Shining a Light

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students learning_My Hero
Students around the world use the My Hero website to discover inspiring stories and media. | Photo by My Hero

Local nonprofit The My Hero Project honors global changemakers to help youth realize their own potential.

By Tanya A. Yacina


Through the various programs they sponsor, Laguna Beach nonprofit The My Hero Project shines a light on people making powerful, positive change in the world while simultaneously celebrating the best of humanity through media, art and technology.

“Since 1995, visitors have been invited to participate online, and share and discover stories, art, short films and music that honor diverse heroes from all walks of life,” says Jeanne Meyers, who co-founded My Hero and now serves as the organization’s director. “… The heroes [that are] honored work to protect the environment, for social justice, peace, human rights, and [to] show their love for family, friends and community through their generosity and courage in the face of adversity.”

Jeanne Meyers_credit Liz Kelly
Jeanne Meyers, co-founder and director of The My Hero Project | Photo by Liz Kelly

My Hero began as a TV pilot, but shifted into its current internet presence when the pilot wasn’t picked up. Motivated to provide children with positive role models in the media and to use the power of technology to share the good that people are doing worldwide, the founders launched online in the 1990s as a commercial-free, nonprofit educational project to celebrate the best of humanity, one story at a time.

“We shine a light on positive role models to help students of all ages realize their own potential [and] find their own voice to make positive change in the world,” Meyers explains. “My Hero project is a virtual learning platform and multimedia library that promotes values, media arts education and digital literacy.”

Meyers also says My Hero plays a role in classrooms across the globe, drawing more than 20 million visitors from 197 countries to the website each year. The safe, noncommercial online venue allows students to discover, create and share things like essays, artwork, audio and films about extraordinary people who are making a difference in the world.

Dedicated to closing the digital divide so that access to the project’s content and storytelling tools is accessible to students everywhere, My Hero operates with support from grants to provide media arts training and resources to teachers and students worldwide. The project has won several awards for its educational programming, including a five-star rating from Common Sense Media as well as honors at the Anthem Awards for education, art and culture in both 2023 and 2021. My Hero also recently received a grant of more than $500,000 from the Scripps Family Impact Fund, which will help support its annual film festival and media arts education programs.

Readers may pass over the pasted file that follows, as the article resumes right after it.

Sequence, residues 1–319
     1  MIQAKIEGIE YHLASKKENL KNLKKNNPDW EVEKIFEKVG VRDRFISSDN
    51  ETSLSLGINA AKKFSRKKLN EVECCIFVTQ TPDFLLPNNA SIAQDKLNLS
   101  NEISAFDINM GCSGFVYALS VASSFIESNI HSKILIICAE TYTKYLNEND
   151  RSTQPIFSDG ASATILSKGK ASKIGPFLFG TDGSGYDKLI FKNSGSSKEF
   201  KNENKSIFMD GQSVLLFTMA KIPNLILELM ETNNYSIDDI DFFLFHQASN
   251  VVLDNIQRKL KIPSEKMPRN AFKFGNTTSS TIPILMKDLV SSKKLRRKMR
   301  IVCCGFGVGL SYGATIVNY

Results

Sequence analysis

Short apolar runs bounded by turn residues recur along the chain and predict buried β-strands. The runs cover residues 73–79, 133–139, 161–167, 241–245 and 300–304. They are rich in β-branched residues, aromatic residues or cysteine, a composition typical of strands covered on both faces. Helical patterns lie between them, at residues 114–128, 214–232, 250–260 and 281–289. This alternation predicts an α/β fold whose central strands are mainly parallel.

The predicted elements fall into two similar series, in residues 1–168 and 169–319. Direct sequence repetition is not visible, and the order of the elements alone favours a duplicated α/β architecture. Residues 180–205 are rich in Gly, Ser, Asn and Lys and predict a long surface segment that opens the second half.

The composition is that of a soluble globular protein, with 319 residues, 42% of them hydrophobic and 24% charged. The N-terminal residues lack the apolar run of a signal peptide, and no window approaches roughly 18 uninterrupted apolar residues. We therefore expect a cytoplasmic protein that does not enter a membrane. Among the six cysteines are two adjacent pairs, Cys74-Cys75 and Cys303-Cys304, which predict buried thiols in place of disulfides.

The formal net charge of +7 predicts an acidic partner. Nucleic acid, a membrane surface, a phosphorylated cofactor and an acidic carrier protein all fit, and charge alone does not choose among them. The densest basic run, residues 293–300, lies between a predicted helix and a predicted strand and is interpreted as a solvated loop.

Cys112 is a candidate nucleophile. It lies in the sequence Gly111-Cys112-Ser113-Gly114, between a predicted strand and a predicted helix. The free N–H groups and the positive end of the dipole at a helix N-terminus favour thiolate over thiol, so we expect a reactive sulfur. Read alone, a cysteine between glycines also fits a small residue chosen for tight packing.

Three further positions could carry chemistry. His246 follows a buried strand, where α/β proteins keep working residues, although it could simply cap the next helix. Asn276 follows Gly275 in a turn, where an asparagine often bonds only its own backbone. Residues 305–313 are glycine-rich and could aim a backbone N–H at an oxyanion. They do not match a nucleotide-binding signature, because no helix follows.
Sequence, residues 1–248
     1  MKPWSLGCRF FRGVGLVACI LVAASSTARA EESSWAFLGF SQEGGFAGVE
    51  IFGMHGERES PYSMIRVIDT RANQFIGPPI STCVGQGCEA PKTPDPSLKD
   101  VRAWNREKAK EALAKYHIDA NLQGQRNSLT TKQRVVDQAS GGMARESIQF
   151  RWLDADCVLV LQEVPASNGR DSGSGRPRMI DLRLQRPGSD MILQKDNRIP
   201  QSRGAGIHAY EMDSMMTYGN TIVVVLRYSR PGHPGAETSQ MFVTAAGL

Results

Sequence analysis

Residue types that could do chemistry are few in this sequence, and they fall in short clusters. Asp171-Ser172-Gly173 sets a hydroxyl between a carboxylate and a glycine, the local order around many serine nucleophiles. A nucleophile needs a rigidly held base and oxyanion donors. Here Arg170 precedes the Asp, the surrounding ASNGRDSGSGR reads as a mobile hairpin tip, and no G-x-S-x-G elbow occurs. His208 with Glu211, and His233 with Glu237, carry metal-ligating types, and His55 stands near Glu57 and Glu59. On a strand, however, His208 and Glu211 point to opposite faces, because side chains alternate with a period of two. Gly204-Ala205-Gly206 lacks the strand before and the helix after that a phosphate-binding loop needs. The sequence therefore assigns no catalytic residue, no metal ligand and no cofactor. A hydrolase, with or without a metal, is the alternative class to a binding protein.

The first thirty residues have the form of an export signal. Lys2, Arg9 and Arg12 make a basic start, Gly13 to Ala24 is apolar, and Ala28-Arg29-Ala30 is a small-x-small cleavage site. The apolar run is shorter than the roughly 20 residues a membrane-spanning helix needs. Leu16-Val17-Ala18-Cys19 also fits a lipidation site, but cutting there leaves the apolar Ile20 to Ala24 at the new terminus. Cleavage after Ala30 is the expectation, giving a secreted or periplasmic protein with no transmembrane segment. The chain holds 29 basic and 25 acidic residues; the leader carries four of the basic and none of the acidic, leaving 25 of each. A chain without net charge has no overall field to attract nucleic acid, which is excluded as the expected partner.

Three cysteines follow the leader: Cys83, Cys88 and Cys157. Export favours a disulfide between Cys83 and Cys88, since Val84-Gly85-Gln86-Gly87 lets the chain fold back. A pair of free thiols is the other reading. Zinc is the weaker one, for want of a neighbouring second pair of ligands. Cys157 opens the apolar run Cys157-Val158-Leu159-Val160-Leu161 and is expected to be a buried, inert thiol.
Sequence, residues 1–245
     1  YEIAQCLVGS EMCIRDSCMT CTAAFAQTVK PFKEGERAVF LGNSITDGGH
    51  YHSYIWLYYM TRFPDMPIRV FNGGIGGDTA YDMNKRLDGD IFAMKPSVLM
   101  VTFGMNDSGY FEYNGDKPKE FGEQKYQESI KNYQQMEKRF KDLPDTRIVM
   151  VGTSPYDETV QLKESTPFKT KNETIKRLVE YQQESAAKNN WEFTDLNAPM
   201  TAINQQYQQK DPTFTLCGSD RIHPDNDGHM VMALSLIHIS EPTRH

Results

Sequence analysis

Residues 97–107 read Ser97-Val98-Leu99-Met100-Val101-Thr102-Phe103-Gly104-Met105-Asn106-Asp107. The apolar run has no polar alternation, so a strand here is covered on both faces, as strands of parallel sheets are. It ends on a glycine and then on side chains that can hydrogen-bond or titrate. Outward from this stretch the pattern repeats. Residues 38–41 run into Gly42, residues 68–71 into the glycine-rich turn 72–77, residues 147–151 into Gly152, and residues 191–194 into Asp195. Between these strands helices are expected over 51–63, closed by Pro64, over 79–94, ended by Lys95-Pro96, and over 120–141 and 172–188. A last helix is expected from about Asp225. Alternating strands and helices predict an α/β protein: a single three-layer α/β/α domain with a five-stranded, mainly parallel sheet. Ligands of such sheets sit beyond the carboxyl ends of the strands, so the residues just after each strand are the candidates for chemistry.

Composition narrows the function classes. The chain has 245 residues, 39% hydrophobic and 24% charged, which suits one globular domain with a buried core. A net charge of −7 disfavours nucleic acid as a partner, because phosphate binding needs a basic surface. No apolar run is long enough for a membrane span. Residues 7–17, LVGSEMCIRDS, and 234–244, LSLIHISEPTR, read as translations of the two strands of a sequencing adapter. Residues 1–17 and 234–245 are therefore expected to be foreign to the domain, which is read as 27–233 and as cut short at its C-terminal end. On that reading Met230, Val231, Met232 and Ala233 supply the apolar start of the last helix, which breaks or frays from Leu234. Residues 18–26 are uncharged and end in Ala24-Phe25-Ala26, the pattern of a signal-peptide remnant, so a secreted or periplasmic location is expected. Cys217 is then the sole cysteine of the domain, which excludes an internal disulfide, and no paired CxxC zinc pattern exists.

Wide-Reaching Resources

With its web-based design, My Hero is able to impact youth around the globe through its varied programming.


Film Festival Winners on stage with their bird trophies_My Hero
My Hero International Film Festival participants | Photo by My Hero

Cinematic Changemakers

The My Hero International Film Festival, which celebrates its 19th year this November, showcases a diverse range of short films, documentaries and animations that highlight heroic acts and values that shape our world. Winning films address issues such as climate change, sustainability, poverty and inequality, isolation in old age and more while honoring the heroes who are working hard to address these global challenges. “From unsung heroes making a difference in their communities to larger-than-life figures, the festival brings forth tales of courage, resilience and selflessness,” says Jeanne Meyers, co-founder and director of My Hero. “It serves as a platform for student and professional filmmakers … [as well as] audiences to explore the power of storytelling and its ability to ignite positive change.”


Media arts sessions with a My Hero educator_My Hero
Media arts sessions with a My Hero educator | Photo by My Hero

Targeted Teachings

Teachers from around the world can register to participate in My Hero programs with their students and receive free mentorship and training from the organization’s educators. “At a time when the one-size-fits-all approach to education is being challenged by the data, our resources help teachers engage students with diverse learning styles,” Meyers notes. “Students can work on their projects individually or collaboratively. They can also choose their storytelling media, all with the support of My Hero resources and tutorials.” The project’s media library promotes cross-cultural understanding and diversity. These educational resources help bridge the gap between home and school while addressing each child’s own culture, knowledge and interests.


musicians at a Jazz and Poetry Month Salon 1_My Hero
Musicians at a jazz and poetry salon | Photo by My Hero

Sensational Salons

To honor activists and champions for good around the world, My Hero hosts special salons that highlight the work of artists, writers, poets, filmmakers and musicians. “My Hero has produced several salons over the years at the Herb Alpert Educational Village in Santa Monica, bringing together poets, including Amanda Gorman and David Milch, as well as … [talented] musicians for a celebration of poetry and jazz,” Meyers says. “Since the start of COVID, My Hero has been the proud host of the Eva Haller Salon Series every Saturday from September to June, … virtually.” Haller is a 93-year-old activist, philanthropist and Holocaust survivor who brings together leaders in philanthropy, science, art and the environment for discussion. My Hero’s salons are archived on its website at

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